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Choosing a Better Breakfast for Your Child

It really is 'the most important meal of the day,' so say 'no' to doughnuts and sugary cereals – and 'yes' to some of these healthy alternatives

Content brought to you by Excellent Schools Detroit

"Get out of the box" when it comes to what to serve your kids for breakfast, says Akua Woolbright. She should know. Woolbright, who has a Ph.D. in nutritional science, is the head of the health and wellness program at Whole Foods Market in Detroit. Maybe even more important, she's also a mom with a busy schedule – and she wants her son, age 9, to have energy for school, activities and whatever else comes his way.

"I believe in eating whole foods. My mantra is, 'Whole foods, plants strong,'" says Woolbright. When shopping for foods in general, Woolbright encourages parents to ask themselves two questions: "Does it come from nature?" and "Would my great-great-great-great-great grandmother recognize it?" With that in mind, parents can either go ahead and buy or pass on foods that don't meet that criteria.

But even if parents are trying to eat more whole foods, that doesn't necessarily mean kids will. That's why it's important to find some healthy choices that kids won't see as a sacrifice. Here are suggestions from Woolbright and some others local food experts.

Apple quesadillas

Greg Mudge, owner of Mudgie's Deli in Corktown, recommends this pick sure to please grilled cheese lovers. Cut an apple into thin slices and put them on a flour tortilla. Top the slices with shredded cheese (Mudge recommends smoked Gouda, but cheddar, Monterrey Jack and Muenster cheese work well, too). Add another tortilla on top and cook the quesadilla either in the microwave or in a skillet pan that's at medium-high heat. Slice into triangles with a pizza cutter.

Tip: Crisp, slightly tart apples like Honeycrisp or Granny Smith work best. We added some honey and black pepper for extra flavor.

Overnight oatmeal

In a large bowl, place 2 cups whole oats (not instant or quick cooking), 2 cups low-fat milk and 1/2 teaspoon vanilla extract. Cover and refrigerate overnight. Scoop into bowls in the morning and top with chopped nuts or dried fruit to make it extra delicious, says Woolbright.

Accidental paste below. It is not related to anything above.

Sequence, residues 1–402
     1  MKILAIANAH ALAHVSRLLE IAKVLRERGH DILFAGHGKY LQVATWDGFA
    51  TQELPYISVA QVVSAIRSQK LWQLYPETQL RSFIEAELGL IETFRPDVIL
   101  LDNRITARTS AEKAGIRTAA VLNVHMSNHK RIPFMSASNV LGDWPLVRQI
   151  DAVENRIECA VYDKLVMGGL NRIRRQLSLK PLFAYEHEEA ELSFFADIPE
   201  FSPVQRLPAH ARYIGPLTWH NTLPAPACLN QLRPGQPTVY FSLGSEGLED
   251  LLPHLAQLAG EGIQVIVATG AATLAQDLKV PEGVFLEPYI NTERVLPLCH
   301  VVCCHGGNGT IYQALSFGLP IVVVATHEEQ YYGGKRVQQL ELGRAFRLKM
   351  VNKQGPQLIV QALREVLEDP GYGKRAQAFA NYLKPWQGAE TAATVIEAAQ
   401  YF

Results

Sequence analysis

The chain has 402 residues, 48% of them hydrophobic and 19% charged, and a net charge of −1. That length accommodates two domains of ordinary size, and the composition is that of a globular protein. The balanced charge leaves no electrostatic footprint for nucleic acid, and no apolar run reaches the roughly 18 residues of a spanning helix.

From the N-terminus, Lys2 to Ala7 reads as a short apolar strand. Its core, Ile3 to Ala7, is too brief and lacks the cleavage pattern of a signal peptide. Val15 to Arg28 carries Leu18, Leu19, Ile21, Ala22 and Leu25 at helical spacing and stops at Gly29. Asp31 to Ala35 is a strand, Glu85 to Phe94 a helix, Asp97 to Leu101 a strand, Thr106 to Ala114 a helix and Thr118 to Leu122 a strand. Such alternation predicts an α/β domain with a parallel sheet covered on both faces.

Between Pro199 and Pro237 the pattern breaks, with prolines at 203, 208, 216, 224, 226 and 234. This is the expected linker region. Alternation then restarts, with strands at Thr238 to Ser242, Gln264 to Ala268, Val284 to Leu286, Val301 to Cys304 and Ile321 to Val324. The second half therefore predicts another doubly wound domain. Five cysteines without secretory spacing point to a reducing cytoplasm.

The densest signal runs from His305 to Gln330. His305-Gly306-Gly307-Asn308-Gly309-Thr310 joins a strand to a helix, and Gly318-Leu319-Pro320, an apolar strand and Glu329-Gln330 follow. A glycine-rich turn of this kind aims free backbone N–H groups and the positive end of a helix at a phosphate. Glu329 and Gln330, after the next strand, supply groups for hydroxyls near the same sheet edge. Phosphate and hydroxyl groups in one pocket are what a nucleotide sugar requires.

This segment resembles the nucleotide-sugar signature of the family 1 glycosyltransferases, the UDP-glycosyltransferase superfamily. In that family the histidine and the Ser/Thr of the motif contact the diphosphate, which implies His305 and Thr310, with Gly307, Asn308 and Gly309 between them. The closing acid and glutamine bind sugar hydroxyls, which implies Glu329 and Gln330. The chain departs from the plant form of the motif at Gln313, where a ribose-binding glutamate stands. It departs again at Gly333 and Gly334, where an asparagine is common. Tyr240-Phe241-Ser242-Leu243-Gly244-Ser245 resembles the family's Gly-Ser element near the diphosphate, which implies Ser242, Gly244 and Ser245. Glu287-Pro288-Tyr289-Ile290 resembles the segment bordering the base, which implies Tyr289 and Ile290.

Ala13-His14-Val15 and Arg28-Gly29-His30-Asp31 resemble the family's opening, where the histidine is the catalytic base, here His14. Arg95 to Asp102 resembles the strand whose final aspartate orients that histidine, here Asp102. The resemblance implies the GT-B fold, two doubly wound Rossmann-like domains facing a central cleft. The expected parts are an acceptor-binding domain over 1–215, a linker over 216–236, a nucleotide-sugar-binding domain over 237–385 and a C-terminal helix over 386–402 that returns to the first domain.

Tip: Use almond or soy milk instead of low-fat milk if kids are dairy intolerant.

Black bean scramble

Instead of eggs and cheese, Woolbright says it's better to use black beans as the base for your child's morning meal. Her son can get out black beans from the fridge (Woolbright says to look for low-sodium canned black beans) and put the beans in a whole-wheat pita, whole-wheat flour tortilla – or just eat them plain.

Tip: Look for low-sodium canned black beans.

Morning sundae

Top a healthy scoop of nonfat vanilla yogurt with sliced fruit and granola for a perfect early morning pick-me-up.

Tip: Frozen berries make an inexpensive and icy cool topping.

Banana hot dogs

Ditch the jelly and processed white bread, Woolbright advises, and use peanut butter in this sweet, satisfying surprise. Spread the peanut butter onto a whole-wheat flour tortilla and roll up with a whole, peeled banana tucked inside.

Tip: Try an alternative nut butter, like cashew or almond, for a departure from regular PB.

Too rushed to eat in the morning?

Preparation is key, says Whole Foods Market Detroit nutritionist Akua Woolbright. Here are four tips she offers:

  1. Create a shopping list for important items to have on hand for the week – like whole-wheat tortillas, bananas, etc.
  2. Schedule a regular day for grocery shopping – like Sunday afternoons or a weekday night when you aren't as busy.
  3. Do some prep work over the weekend – like make overnight oatmeal or open cans of black beans and put in the fridge for kids to self-serve.
  4. Opt for on-the-go foods – like an apple quesadilla or banana hot dog.

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